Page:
June 04, 2012

Thoughts On What Didn't Happen: Midway 70 Years Later

Today is the 70th anniversary of US Navy's "Incredible Victory," that "glorious page in our history," the Battle of Midway.  In that conflict, the three carriers of the Americans (and the planes off Midway itself) engaged and sank the four carriers of the Imperial Japanese Navy.

I've gone into many, many elements of the Battle of Midway in other posts here at The Pond, such as "Timing Is Everything", "Tone #4," "Beginning The Miracle" "Midway Myths Debunked," "The Reason For Midway," "The Flight to Nowhere," and a bunch of others.  Instead of rehashing that information, or go into the level of detail one can find in the plethora of good books on the subject, I'm going to deal with some lesser issues, ones that probably aren't deserving of posts in their own right. 

So let's get to it!


1) What would have happened if the Japanese had another carrier deck or two? 
This could have happened.  The IJN had two carriers, the Zuikaku and Shokaku, sitting in Japan.  The Shokaku, of course, had been mauled at Coral Sea, and was completely unable to fight... indeed, she nearly capsized heading to the Kure Naval Yard.  The Zuikaku, on the other hand, was in fine shape... it's just that her air wing had been butchered.  If the Japanese Navy had made the effort, they could have gone contrary to their doctrine and combined the surviving planes and pilots from the two and put them on the Zuikaku.  Add in other available pilots from Japan, and they could have had a full wing and another carrier at Midway.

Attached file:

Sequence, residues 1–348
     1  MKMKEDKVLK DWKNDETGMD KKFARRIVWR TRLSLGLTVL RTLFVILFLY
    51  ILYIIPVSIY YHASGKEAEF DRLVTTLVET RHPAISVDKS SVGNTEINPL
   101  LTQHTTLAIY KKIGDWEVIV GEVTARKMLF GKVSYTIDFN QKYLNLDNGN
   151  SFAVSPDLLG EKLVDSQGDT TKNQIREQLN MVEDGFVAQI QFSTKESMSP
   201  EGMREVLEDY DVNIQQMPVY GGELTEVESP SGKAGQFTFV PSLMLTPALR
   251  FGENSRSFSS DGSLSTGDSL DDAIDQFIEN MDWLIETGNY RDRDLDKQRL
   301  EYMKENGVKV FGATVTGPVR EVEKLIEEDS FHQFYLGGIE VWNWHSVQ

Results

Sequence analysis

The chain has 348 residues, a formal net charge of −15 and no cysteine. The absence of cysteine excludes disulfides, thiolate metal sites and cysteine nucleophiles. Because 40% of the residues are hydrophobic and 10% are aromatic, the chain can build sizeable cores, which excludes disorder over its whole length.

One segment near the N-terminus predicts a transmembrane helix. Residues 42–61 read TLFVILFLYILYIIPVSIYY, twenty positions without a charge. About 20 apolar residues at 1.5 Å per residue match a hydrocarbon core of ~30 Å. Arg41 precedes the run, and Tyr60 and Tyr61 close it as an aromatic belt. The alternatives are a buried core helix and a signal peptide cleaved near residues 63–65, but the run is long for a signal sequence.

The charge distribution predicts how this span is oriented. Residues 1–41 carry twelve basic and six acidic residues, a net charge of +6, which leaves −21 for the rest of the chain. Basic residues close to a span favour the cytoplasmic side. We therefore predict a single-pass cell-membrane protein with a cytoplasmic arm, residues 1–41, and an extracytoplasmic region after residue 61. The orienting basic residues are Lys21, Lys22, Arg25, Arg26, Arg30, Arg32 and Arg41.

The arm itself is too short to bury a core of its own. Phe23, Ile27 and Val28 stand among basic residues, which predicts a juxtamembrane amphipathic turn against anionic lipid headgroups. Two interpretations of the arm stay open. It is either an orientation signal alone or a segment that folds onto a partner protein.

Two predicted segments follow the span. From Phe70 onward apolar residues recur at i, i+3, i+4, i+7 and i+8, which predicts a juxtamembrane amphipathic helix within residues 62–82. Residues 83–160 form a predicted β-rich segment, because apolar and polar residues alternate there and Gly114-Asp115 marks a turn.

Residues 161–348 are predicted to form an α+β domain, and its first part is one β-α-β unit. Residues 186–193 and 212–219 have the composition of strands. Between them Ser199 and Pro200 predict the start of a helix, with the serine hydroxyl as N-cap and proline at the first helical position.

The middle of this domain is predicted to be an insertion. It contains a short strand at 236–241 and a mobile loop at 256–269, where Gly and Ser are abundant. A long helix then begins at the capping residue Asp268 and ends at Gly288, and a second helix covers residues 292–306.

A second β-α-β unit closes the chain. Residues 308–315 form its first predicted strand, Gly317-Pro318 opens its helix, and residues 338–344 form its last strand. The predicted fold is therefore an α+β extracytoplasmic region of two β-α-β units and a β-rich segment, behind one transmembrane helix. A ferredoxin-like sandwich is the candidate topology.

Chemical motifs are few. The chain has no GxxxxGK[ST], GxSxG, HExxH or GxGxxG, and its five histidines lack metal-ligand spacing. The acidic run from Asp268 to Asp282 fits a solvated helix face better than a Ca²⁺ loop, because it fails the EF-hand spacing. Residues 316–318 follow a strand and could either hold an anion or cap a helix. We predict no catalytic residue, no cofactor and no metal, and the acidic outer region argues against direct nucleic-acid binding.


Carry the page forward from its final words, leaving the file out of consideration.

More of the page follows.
The other possibility is that the IJN could have pulled the Zuiho off the Support Fleet and added her to  Kido Butai.  Sister ship to the Shoho, sunk at the Coral Sea, she would have only barely been able to keep up with the four main carriers.  Her air wing (six Zeros, six A5M Claudes, 12 Kates) would barely be enough to make a difference. 

Just for argument's sake, let's get the Zuikaku into the battle.  This would have given the Japanese a small advantage in number of aircraft (as opposed to a distinct disadvantage, as was actually the case), another flight deck, another experienced (if ad hoc) air wing... and another target for the US Navy to shoot at.  Considering that the Dauntlesses of the Enterprise and Yorktown were rather fortunate to kill three carriers (the Akagi was attacked by three planes, and only hit once... in just the perfect place to kill her), it's quite possible that the Hiryu and at least one other carrier would survive.  Would the Yorktown have been killed during the first counterattack, instead of soaking up a second attack, thereby opening Enterprise and Hornet up to attack?  It's too hard to say, considering all the variables, but it's a possibility. 

2) If the IJN had won the Naval Battle of Midway, would the Atoll have fallen?